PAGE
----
The only requirements for the transmitter are to be in TX only, set to the same channel as the receiver, and at least one grouping (A, B, C, or D) to be activated.

This could be considered a hack for the Pocketwizard Plus IIIs, and as such, is not perfect. Shooting in one stop increments from 1/125th to 1/1600th will reveal imperfect steps of exposure: meaning going from 1/800th to 1/1600th may provide a ¼ stop loss in exposure when in theory there should be no such loss. This is usually due to a longer flash duration, and may be sidestepped by using a faster flash duration through a different flash head, different flash pack, or by adjusting your power level. Different flash manufacturers change their flash durations at different power levels. Elinchrom, for example, seems to have shorter flash durations at higher power levels, while other setups have longer flash durations at higher power. You may want to reference the manufacturer’s specs or support for more information.

While not perfect, the ability to sync at such high shutter speeds with such an affordable product is an asset, and a great piece of knowledge to keep in your back pocket as a photographer or digital tech.

Pocketwizard FlexTT5s and MiniTT1s are designed primarily for use with Canon or Nikon cameras and their proprietary flash units in TTL mode, and also to perpetuate the Canon and Nikon flash’s HSS mode of pulsing the light above Nikon/Canon camera’s X-sync speeds. Using leaf shutters with standard power systems such as Profoto and Broncolor, these radio triggers are mostly rendered obsolete, as these flash manufacturers do not currently make equipment compatible with the PocketWizard ControlTL radios. Using the FlexTT5 and MiniTT1 as a standard radio trigger on a Profoto D1, we found the sync speed to top out at 1/320th due to a lack of FAST mode.

What We Learned

We learned that the manufacturer specs aren’t always correct. After rigorous testing, we found the following pairings jumped out:

Kodak/Dalsa Sensors (on 645 DF+/DF)

  • Dalsa Sensors and Leaf Shutter Lenses will sync up to 1/1,600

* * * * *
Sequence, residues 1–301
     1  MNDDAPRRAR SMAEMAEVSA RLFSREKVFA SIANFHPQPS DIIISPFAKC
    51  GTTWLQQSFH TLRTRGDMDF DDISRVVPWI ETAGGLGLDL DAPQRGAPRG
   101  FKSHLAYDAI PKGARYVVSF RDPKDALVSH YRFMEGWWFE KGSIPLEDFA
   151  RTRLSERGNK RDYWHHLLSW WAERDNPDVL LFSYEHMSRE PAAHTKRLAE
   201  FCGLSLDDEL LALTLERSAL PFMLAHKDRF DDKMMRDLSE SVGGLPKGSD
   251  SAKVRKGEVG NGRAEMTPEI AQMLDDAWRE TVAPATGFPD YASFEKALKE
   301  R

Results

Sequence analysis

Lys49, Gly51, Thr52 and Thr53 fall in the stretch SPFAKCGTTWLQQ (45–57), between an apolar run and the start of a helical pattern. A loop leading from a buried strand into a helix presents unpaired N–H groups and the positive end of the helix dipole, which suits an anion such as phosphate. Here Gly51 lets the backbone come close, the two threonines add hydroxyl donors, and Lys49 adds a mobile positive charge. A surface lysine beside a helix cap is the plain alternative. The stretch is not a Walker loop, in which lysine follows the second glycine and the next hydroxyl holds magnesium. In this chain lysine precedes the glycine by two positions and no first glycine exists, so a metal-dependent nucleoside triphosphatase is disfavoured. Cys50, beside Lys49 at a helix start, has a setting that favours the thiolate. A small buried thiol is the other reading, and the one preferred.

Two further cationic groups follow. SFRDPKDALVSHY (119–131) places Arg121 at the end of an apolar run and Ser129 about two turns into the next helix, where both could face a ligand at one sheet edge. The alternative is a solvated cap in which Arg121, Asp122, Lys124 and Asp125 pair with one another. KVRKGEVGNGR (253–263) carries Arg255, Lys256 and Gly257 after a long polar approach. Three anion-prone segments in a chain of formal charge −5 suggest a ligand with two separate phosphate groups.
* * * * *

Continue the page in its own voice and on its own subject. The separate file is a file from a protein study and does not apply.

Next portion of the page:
• Kodak Sensors and Leaf Shutter Lenses will sync up to 1/800
  • Both sensors and AF,Digital,Manual Lenses will sync up to 1/125

645 DF+/DF & Aptus II Backs

  • Leaf Aptus II Backs (1st Generation) will sync up to 1/800
  • Leaf Aptus II Backs (2nd Generation) will sync up to 1/1,600

1/1,600 sync on 645DF/DF+ with Schneider-Kreuznach LS lenses is enabled on all Aptus-II backs (M mount) with serial numbers starting from LI301000. Older models are 1/800.


  • 80mm Leaf Shutter Lens (when used with DF/DF+ and Broncolor RFS transmitter) will sync up to 1/500 (RFS2 will sync to 1/1600)
  • 240mm Leaf Shutter Lens will sync up to 1/1000 (all transmitters)
  • Leica S Sync: 1/125 s (body FPS) / 1/1000 s (lens CS), sync at all slower speeds, choice of first or second curtain sync; FPS flash sync at faster shutter speeds (1/180 s-1/4000 s) possible with suitably equipped flash units (HSS mode)

Leica SFocal PlaneLeica S1/125

Camera BodyLensDigital BackTrigger
645 DF & DF+Leaf ShutterIQ/Credo/P65+/P40+1/1600
645 DF & DF+Leaf ShutterAll Kodak Digital Backs1/800
645 DF & DF+AF, Digital, ManualAll Digital Backs1/125
*Aptus II backs (1st Generation) will sync up to 1/800 | Aptus II backs (2nd Generation) will sync up to 1/1600
*80mm LS lens will sync up to 1/500 on Broncolor RFS
*240mm LS lens will sync up to 1/1000 on Broncolor RFS
645 AF/AFD I,II,IIIAF, Digital, ManualAll Digital Backs1/125
Hasselblad HLeaf ShutterAll Digital Backs1/800
Hasselblad VLeaf ShutterAll Digital Backs1/500
Leica SCentral ShutterLeica S1/1000
Leica SFocal PlaneLeica S1/125
Contax 645Focal PlaneAll Digital Backs1/125
Mamiya RZ67Leaf ShutterAll Digital Backs1/400
Fuji 680Leaf ShutterAll Digital Backs1/400
Tech CamerasCopal ShutterAll Digital Backs1/500